Black Student Racially Profiled During Academic Conference in Canada

A Black graduate student from Canada said he was racially profiled while attending a conference at the University of British Columbia on June 2.Shelby McPhee told CBC news that he was attending a conference held by the Federation for the Humanities and Social Sciences 2019 Congress at the university. McPhee told The Chronicle Herald he had noticed a man and a woman sitting at a table across from him while he and his white colleague were working on presentations. Later that day, McPhee and his colleague were leaving campus when he heard the woman that sat across from them say “the two guys who sat next to us are walking past us again,” according to the publication.

As McPhee and his colleague walked away, they saw the man following them and taking photos.When McPhee confronted the man to ask what the problem was, the man said he recognized McPhee’s white colleague, but not McPhee. McPhee, a master’s student in the political science department, said he was holding his conference registration kit, but noted that his white colleague was not. “I told him it’s none of his concern whether I’m registered for the conference, and that he should be asking the person who didn’t have any registration material in his hand,” McPhee told the publication.

A woman came over to the men and told McPhee that their laptop had gone missing, The Chronicle Herald reported. McPhee asked the woman if she was accusing him of stealing the laptop, and the woman asked if he was registered for the conference. She told McPhee that the Royal Canadian Mounted Police (RCMP) and campus security were on the way, according to the publication.

“Had both of us been accused... we would have just said no,” McPhee told the outlet. “But this became more than an accusation when I was the one who was singled out, out of many different people.” RCMP spoke with McPhee but did not search his belongings, although McPhee said officials could search his bags, according to The Chronicle Herald. The graduate student said the whole incident was embarrassing. In a statement posted to Twitter, the Black Canadian Studies Association (BSCA) said that the Federation did not issue a response after the incident and will not do so until after an investigation, which could take up to three weeks. McPhee is a member of BSCA.

“Our association boasts a majority Black membership and we take the safety of our members extremely seriously. Encounters with the police are extremely unsettling and frankly, unsafe, for people of African descent, given the strained history between these two groups,” the association wrote. “This incident is making us rethink our participation in Congress and our relationship with the Federation. We do not want to be a part of an event and Federation that does not value the safety and well-being of our members.” Anthony Morgan, a human rights lawyer and community advocate in Canada, told The North Star that the Federation can make systemic shifts to make sure they are genuinely a healthier space for students. “It offers a useful example as to why the conversations around anti-Blackness in Canada remains important,” said Morgan.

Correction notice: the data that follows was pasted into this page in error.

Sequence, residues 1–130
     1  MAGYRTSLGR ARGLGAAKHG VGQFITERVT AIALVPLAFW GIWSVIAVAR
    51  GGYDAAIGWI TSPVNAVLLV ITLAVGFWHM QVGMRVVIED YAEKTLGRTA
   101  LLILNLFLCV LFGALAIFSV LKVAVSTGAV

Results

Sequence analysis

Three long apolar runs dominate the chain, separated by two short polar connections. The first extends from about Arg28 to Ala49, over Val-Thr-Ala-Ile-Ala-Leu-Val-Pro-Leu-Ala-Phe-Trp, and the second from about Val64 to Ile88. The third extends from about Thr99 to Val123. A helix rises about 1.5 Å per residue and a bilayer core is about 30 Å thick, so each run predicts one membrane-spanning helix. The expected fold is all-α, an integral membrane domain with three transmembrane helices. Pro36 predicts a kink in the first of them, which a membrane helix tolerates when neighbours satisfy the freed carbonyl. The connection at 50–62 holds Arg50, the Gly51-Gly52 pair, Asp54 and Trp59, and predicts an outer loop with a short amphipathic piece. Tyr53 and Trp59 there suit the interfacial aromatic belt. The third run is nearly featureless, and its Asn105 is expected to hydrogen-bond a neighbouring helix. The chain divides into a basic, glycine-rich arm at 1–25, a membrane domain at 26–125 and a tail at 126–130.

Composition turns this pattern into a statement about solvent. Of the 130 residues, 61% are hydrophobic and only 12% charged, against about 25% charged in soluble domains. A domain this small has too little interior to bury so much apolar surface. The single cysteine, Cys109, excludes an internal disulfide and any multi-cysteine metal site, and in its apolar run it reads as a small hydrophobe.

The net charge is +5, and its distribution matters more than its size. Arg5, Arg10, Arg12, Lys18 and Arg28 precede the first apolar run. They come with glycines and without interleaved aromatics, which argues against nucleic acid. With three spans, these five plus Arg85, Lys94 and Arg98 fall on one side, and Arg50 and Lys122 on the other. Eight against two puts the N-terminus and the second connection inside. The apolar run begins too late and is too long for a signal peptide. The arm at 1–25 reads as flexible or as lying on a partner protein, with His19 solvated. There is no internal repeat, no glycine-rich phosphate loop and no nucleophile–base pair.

“In these spaces, you have people who are of a higher level of consciousness--understanding issues of race, racial profiling and experiences in exclusion and marginalization in Black people. This very gathering that brings people together exposes [how] Canada functions more broadly. It ends up being a microcosm of an articulation of the Black experience in Canada.”

Morgan stated that the country often experiences Canadian racial exceptionalism, which means that the country itself does not have a problem with race and sees it as an American issue. The lawyer stated that this represents “a false notion of racial harmony.”

The Federation issued an apology on June 5 and said it is willing to work with BCSA about the incident. It also stated that the Federation’s code of conduct “does not tolerate anti-Black racism, harassment or discrimination of Congress participants in any form.”

“The Federation is treating this incident very seriously as it unequivocally opposes and denounces anti-Black racism, racial profiling, harassment and discrimination of any kind,” the statement read. “Upon receiving this complaint, the Federation contacted the complainant and invited him to meet with the Federation as soon as possible. The following day, senior leaders of the Federation met with the complainant, who was accompanied by two executive members of... BCSA. Since then, the Federation has continued to be in communication with the complainant and will continue to do so.”


About the Author

Maria Perez is a breaking news writer for The North Star. She has an M.A. in Urban Reporting from the CUNY Graduate School of Journalism. She has been published in the various venues, including Newsweek, Juvenile Justice Information Exchange, City Limits, and local newspapers like The Wave and The Home Reporter.